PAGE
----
Predictive analytics in the B2B world: Why is it so popular and what is it good for?by
Predictive analytics is a type of analytics that is used to make predictions about future events.
Predictions are made from applying a variety of techniques (such as artificial intelligence, machine learning, statistics and modelling) to current and known data. Through looking at the patterns found in this data, predictive analytics identifies risks and opportunities in the enterprise.
Predictive analytics is so hot right now
Although predictive analytics has been around for several decades - pioneered in risk management, healthcare and financial services industries - it’s only now that B2B organisations are getting serious about implementing the technology for sales success.
One reason for this is that the amount and types of data that are available to be analysed have grown exponentially. A decade ago, predictive analytics was limited to the information in your CRM database. This would typically be a contact name, company title, product holding information and job role. Whilst these were (and continue to be) very useful data points to work with, they hardly encapsulate the dynamic signals and complexity of a customer relationship where prospects are continually evolving in their interests, needs and motives.
Now, there has been an explosion in unstructured data; buried away across emails, reports, spreadsheets, contracts, advertisements, marketing materials, PDFs, call centre transcripts, ordering information, surveys, social media feeds, and blog posts is a whole raft of customer insight. These examples of unstructured data hold vital information about the customer journey which until recently have had to remain outside of the traditional CRM environment - and therefore outside of the purview of predictive analytics for sales.
The result is a Big Data boom which has been a boon to predictive analytics in the sales environment. Suddenly there is more data than ever to analyse and the outputs of predictive analysis can be neatly delivered through predictive CRM.
Problems predictive analytics solve in the B2B environment
I’m a big believer that we shouldn’t celebrate or obsess over shiny new technologies for the sake of it. Technology needs to solve an actual business problem - that goes for predictive analytics, too.
So, what are some of the problems predictive analytics can solve in B2B environments?
Reduces unused content
One of the great scandals of B2B marketing is just how much content is wasted. SiriusDecisions believe that 60-70% of content produced by B2B companies goes unused, whilst Corporate Visions suggest it is even higher (90%). In all cases, it presents a pressing issue: whichever figure you believe, at least 60% of budget is being wasted on content that is created and then never used or distributed.
Predictive analytics will identify the pieces of content that will be most engaging to your prospects and customers, and make recommendations as to which pieces you should send to them. This saves salesperson the time of having to wade through a central database and having to learn about all the content that is available at their disposal.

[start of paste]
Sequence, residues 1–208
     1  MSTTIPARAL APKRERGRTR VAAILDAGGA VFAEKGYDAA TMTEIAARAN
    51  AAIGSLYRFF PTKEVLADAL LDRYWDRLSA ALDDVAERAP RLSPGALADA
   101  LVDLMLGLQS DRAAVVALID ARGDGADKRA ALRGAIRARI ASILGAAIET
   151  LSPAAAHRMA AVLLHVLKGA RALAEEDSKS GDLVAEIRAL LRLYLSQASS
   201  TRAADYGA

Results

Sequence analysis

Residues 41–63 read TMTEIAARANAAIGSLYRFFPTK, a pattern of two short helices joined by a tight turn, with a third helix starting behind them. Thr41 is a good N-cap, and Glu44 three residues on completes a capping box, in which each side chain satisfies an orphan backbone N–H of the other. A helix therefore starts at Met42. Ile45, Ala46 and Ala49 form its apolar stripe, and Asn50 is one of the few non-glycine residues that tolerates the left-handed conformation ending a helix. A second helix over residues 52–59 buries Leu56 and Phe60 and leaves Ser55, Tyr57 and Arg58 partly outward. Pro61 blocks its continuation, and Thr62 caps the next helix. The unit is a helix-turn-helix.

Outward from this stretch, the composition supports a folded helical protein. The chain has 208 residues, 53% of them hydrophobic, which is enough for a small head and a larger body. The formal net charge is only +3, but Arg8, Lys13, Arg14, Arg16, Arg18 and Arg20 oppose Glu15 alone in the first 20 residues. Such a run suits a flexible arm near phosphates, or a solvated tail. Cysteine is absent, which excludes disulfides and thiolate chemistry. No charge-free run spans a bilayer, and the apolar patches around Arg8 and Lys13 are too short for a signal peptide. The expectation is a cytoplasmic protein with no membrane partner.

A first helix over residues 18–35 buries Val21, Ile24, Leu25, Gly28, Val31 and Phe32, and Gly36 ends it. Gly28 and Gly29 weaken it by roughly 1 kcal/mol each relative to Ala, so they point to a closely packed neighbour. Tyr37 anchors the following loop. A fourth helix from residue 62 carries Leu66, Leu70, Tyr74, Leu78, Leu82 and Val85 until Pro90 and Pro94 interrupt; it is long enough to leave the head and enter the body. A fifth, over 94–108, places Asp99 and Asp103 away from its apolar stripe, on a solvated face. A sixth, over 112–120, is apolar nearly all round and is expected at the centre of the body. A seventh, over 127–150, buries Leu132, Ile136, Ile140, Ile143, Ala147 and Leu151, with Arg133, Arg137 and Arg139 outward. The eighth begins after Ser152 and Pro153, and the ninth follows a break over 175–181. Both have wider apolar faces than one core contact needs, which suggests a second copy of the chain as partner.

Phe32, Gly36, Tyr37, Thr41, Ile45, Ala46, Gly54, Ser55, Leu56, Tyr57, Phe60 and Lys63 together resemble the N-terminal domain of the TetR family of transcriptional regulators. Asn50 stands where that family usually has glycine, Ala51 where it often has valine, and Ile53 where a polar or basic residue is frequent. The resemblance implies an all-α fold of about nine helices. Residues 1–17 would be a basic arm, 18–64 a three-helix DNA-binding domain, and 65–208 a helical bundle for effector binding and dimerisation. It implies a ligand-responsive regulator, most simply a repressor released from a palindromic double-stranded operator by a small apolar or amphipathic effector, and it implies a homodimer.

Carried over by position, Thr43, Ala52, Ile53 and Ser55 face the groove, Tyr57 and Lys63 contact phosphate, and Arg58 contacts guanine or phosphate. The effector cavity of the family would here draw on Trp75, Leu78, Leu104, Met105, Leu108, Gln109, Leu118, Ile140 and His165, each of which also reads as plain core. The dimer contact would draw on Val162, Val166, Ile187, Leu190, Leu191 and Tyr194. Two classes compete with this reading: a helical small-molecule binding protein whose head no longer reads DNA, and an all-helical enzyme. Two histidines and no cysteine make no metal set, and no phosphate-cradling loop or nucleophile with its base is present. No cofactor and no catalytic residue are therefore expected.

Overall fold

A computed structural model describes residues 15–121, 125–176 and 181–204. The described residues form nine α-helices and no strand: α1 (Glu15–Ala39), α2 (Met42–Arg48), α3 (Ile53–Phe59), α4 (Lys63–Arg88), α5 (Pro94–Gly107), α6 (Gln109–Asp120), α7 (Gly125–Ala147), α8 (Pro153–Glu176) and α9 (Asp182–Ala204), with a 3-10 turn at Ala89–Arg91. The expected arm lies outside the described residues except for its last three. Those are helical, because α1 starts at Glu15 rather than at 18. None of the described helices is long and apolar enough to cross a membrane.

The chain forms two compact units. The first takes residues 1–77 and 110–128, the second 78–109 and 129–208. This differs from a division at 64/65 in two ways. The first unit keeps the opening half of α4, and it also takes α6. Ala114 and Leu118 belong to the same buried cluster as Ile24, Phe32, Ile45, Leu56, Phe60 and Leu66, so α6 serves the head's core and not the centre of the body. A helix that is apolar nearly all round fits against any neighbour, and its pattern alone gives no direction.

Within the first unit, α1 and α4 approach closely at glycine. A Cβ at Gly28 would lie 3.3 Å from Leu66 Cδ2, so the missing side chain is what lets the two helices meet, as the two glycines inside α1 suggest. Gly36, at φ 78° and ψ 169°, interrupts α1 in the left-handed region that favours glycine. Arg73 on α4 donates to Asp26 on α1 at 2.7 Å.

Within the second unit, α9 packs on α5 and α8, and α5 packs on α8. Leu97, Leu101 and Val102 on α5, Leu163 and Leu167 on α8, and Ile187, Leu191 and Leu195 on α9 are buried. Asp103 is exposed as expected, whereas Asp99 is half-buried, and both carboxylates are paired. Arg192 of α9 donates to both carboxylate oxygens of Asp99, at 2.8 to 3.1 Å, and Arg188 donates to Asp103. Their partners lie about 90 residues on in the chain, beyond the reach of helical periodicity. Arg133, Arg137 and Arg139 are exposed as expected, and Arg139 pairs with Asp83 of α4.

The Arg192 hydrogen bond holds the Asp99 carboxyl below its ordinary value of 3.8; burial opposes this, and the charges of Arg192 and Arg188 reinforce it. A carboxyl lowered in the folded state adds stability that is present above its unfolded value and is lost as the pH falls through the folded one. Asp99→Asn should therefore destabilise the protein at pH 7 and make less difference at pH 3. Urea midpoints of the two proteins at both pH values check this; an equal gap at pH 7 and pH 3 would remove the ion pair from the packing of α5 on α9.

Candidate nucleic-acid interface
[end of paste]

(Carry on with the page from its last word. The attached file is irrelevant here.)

Preventing lead churn
Any demand generation exec knows that it’s one thing to create a lead. It takes a whole ‘nother set of strategies to keep that lead engaged until they are ready to engage with a sales person. Marketing automation tools help marketers scale their marketing campaigns but they do not have predictive capabilities. The result is that each time you launch a new campaign or comms strategy there is usually attrition from your subscriber database.
Predictive analytics can identify leads that are likely to churn and take action using your content. One example of this is personalization: rather than uniformly showing prospects in a segment the same content, predictive analytics will examine each person’s content consumption history and display the most engaging content to retain their interest.
Improve lead handover
The marketing-to-sales lead handover is a crucial point in lead management. It’s also the site where most revenue is lost – for a variety of reasons.
Predictive analytics solves a variety of issues during the lead handover point. For a start it enables salespeople to prioritise leads. Predictive analytics also enables marketers to pass on a large amount of lead intelligence (such as their emerging needs and interests) to salespeople for a more informed sales discussion.
Better lead scoring and prioritisation
Lead scoring refers to cumulative score typically captured and generated by a marketing automation tool for how engaged a prospect is with your marketing. As a marker of prospect interest, it’s great, however it doesn’t tell your sales rep what to say to them or give them any context beyond ‘this person is very active’.
Predict analytics builds on the foundation of basic lead scoring to look at the trends of other leads with similar scores. Now leads can be ordered and ranked in order of their likelihood to convert. Furthermore, when using employed through Content Intelligence technology, predictive analytics can examine the content consumption patterns of other active prospects and tell salespeople which topics of interest to talk to their lead about.
The coming-of-age of predictive analytics in the sales environment makes for an exciting time.
For B2B companies that are using content to nurture prospects over complex and prolonged sales cycles the benefits of moving from a reactive to a proactive company with greater lead intelligence, less lead churn and more efficient use of content should become increasingly apparent.
Andrew Davies is CMO and cofounder of idio.